Vickie Heller buys a house under the Stark County Housing Authority program

CANTON — Vickie Heller has lived in many places over the years — including a recent six-year stint in public housing — but she has finally found a forever home.

Not just any old house.

A house. His house. And she is proud.

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This is a 1,380 square foot bungalow on Columbus Avenue NW. One block from Westbrook Veterans Memorial Park and close enough to the Pro Football Hall of Fame that she could see the domed roof of the Hall of Fame Village’s Center for Performance from her front yard.

“I’ve kept my faith in God,” said Heller, a 58-year-old mother of four grown children who has 11 grandchildren and a great-grandchild. “I persevered, believed and conquered.”

Heller is the first Stark Metropolitan Housing Authority resident to complete the agency’s Family Self-Sufficiency Program. This catapulted her into an opportunity to move out of public housing.

Vickie Heller shows her love for elephants as they decorate her Canton home.  She is the first to graduate and buy a home under the Stark Metropolitan Housing Authority's Family Self-Sufficiency Program.

Family Self-Sufficiency Program Creates Escrow Savings

The federally funded initiative was created in 1990, by a proposal from the George HW Bush administration, but Stark had only sought the money three years ago.

“She was very focused,” said Millie Tatum, director of resident and community services for the Housing Authority.

It’s supposed to be a five-year program.

Heller finished in two.

The monthly rent for public housing or a Section 8 tenant is based on income. The less money you earn, the less rent you pay. Sometimes it’s a deterrent to finding a job or working more hours.

The Family Self-Sufficiency Program combats this.

Vickie Heller said she once enjoyed her free time on the foredeck.  She is the first to graduate and buy a home under the Stark Metropolitan Housing Authority's Family Self-Sufficiency Program.

Here’s how it works:

Those who participate in the program can find a job or add income, but continue to pay the same lower monthly rent. Although the rent technically increases, the additional amount due is placed in an escrow account.

This allows the tenant to build up a nest egg without penalty or tax.

Not all program graduates will buy a home. Some may simply find an apartment at the market price.

“But owning…yeah, that’s the pinnacle of self-sufficiency,” Tatum said.

Heller and all of the nearly 40 program participants (15 currently have escrow accounts) must also set and achieve tangible goals as their account grows. It could be paying off debt, going back to school, learning to budget, or buying a car. Each situation is unique.

This is where Sapri Sweat comes in – the annually renewable grant from the US Department of Housing and Urban Development pays its salary to the Housing Authority. Sweat, in turn, connects Family Self-Sufficiency Tenants to community resources to help them achieve their goals.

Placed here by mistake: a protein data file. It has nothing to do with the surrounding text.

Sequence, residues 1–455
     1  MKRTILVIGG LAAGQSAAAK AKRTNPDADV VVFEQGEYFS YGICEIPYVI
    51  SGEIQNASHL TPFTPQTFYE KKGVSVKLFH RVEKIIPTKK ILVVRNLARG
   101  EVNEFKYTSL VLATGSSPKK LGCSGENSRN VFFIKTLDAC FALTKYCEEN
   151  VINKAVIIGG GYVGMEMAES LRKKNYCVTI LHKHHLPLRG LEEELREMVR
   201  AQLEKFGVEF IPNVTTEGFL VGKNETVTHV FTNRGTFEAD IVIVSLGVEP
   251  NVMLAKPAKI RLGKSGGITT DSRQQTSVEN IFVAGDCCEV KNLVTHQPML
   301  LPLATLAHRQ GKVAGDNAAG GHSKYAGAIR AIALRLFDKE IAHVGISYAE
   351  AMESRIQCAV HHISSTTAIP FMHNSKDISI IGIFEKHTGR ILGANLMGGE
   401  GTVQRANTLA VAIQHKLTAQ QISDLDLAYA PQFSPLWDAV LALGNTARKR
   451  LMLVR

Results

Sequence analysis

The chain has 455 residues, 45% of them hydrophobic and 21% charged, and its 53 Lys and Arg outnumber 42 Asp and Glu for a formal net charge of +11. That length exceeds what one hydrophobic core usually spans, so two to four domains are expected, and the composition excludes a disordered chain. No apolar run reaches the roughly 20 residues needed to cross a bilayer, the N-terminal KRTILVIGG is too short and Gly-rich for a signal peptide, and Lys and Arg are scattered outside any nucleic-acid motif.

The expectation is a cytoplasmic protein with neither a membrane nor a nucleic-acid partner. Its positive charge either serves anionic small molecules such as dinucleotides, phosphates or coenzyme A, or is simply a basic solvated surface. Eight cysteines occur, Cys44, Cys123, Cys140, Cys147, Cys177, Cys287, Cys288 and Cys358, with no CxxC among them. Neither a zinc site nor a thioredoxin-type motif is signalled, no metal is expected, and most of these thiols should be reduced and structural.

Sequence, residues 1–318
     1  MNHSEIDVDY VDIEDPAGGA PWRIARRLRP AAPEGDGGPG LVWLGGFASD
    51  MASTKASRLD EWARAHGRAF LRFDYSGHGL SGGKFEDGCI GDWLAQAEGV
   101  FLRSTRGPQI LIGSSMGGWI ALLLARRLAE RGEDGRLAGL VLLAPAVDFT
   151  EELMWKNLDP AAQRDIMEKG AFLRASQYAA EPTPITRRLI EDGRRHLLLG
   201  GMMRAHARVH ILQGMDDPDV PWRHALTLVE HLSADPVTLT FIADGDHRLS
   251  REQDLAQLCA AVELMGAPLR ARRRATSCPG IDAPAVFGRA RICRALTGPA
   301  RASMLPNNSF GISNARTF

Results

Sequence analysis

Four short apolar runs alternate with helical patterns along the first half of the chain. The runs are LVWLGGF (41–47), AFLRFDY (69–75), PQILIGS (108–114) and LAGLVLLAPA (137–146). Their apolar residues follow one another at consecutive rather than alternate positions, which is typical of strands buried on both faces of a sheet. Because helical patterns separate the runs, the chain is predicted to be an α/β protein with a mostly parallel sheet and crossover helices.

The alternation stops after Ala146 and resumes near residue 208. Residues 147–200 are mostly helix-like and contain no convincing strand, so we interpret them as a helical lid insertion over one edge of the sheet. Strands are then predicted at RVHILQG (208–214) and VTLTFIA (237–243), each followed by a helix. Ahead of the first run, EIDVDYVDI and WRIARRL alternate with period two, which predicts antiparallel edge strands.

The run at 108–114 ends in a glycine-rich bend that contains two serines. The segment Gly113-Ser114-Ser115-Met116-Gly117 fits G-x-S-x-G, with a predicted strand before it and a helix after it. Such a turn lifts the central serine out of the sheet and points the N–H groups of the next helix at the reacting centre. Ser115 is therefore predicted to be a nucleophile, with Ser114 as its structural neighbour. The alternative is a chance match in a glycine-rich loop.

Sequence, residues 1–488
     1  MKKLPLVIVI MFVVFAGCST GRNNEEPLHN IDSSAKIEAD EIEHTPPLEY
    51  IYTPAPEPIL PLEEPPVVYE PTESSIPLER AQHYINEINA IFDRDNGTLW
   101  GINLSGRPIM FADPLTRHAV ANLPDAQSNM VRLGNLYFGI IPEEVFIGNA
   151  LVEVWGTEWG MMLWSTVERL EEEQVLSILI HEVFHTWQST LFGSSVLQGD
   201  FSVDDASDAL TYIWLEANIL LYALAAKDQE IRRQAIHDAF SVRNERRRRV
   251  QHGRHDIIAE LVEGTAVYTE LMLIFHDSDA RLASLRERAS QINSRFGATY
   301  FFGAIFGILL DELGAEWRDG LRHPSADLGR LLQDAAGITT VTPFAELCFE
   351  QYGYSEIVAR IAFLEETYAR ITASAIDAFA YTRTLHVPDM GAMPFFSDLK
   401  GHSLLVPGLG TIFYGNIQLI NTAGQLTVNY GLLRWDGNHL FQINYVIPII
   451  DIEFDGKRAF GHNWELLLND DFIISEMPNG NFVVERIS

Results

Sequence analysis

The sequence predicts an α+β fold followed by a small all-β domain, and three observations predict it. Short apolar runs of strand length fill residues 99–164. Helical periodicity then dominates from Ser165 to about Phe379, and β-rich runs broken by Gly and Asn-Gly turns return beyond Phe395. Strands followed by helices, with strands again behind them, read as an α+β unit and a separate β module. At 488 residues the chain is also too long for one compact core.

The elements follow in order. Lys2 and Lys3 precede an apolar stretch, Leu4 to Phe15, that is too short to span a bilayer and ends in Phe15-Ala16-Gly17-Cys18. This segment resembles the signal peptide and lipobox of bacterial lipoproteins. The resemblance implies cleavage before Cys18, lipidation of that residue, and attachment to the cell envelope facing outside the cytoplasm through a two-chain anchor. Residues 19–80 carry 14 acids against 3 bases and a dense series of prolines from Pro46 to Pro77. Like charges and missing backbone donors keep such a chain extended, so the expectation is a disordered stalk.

“There were times when I got mad at her,” Heller confessed. “But she knew what was best for me in the long run.”

From homeless to home sweet home

It was a long run for Heller, even before she entered the program. Heller said she had been in abusive relationships. In 2015, she was homeless, living with one child or another, between Georgia and Ohio. At the end of that year, she ended up at the YWCA Canton shelter.

In early 2016, she moved into the Cherrie Turner Towers.

Vickie Heller said she was happy to be out of public housing and in her forever home.  She is the first to graduate and buy a home under the Stark Metropolitan Housing Authority's Family Self-Sufficiency Program.

“I just felt like a failure inside,” she said, recalling how she lay on the floor of the complex’s nearly empty Unit 418, one of 2,500 public housing units. of Stark. “I said ‘God, I know you got something for me.'”

But Heller was disabled with a shoulder injury. She had no solid prospect of being able to afford to leave public accommodation.

“A lot of times I was depressed,” she said. “I didn’t give up, but I cried a lot.”

Until she noticed a call in a monthly Housing Authority newsletter. Heller held out his hand. She joined in 2020. She got a part-time job at Giant Eagle’s deli on the Strip.

His rise in income has led to an increase in the rent for his public housing. But all that increase has been blocked, through the program. And by the start of this year, she had accumulated $5,000.

She spent a few movers on hiring and on a car repair. The Stark County Community Building Partnership helped calculate a down payment and closing costs. And Huntington National Bank funded most of a mortgage for the $90,500 home.

Heller closed June 29. She moved on July 5.

She knows the dates by heart.

Vickie Heller is shown in front of photos of her grandchildren and a great-grandchild.  She is the first to graduate and buy a home under the Stark Metropolitan Housing Authority's Family Self-Sufficiency Program.

A family room wall is already a photographic sanctuary for all those grandchildren and great-grandchildren. She added loads of elephant trinkets, photos and accessories because they symbolize strength and she just loves them. Next up is a new kitchen floor to replace the tattered and scuffed one that screams “I’m from the 1970s”.

In the spring, she has big plans.

Flowers. Some landscaping.

“Do it really well,” she said.

Contact Tim at 330-580-8333 [email protected] On Twitter: @tbotosREP

More details

For more information about Stark Metropolitan Housing Authority’s Family Self-Sufficiency Program, contact Coordinator Sapri Sweat at 330-454-8051, ext. 365, or [email protected]


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